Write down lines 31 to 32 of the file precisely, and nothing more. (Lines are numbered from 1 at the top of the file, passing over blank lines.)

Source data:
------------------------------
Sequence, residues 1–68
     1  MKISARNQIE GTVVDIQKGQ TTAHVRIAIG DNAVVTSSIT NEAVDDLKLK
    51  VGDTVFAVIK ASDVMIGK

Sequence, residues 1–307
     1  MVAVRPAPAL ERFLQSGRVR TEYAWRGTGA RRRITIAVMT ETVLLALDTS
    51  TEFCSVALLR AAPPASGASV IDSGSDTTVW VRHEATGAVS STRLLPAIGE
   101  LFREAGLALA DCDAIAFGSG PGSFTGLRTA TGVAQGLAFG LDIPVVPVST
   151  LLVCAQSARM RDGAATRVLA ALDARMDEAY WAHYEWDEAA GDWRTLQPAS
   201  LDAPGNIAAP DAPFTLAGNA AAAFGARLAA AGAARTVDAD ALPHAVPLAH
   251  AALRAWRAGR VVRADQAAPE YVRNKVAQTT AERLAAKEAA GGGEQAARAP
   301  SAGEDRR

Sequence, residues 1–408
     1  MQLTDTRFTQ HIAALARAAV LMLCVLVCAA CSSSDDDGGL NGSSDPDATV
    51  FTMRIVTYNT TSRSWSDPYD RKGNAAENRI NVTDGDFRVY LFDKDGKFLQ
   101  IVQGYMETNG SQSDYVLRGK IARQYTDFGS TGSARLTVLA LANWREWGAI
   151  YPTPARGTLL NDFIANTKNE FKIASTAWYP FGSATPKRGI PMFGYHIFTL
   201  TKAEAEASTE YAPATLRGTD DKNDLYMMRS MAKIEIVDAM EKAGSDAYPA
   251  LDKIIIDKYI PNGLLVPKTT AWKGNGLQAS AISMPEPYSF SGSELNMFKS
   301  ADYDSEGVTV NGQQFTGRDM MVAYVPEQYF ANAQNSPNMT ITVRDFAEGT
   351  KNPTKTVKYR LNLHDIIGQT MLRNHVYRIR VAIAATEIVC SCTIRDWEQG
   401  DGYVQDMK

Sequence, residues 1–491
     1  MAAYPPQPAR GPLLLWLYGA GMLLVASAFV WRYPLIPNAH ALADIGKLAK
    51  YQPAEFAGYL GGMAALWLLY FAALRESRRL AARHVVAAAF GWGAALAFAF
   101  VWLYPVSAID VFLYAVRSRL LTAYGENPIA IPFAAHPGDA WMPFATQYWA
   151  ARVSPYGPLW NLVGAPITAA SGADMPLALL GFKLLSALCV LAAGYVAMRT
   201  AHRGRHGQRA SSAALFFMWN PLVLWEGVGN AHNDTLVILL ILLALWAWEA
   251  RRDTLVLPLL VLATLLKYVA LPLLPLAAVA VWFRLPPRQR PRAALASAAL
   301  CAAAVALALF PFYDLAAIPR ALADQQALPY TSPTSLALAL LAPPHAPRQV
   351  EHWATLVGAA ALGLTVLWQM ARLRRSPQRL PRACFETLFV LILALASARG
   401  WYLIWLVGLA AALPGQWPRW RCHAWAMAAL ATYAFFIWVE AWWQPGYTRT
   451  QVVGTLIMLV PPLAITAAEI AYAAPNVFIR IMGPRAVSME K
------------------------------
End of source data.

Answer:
   401  WYLIWLVGLA AALPGQWPRW RCHAWAMAAL ATYAFFIWVE AWWQPGYTRT
   451  QVVGTLIMLV PPLAITAAEI AYAAPNVFIR IMGPRAVSME K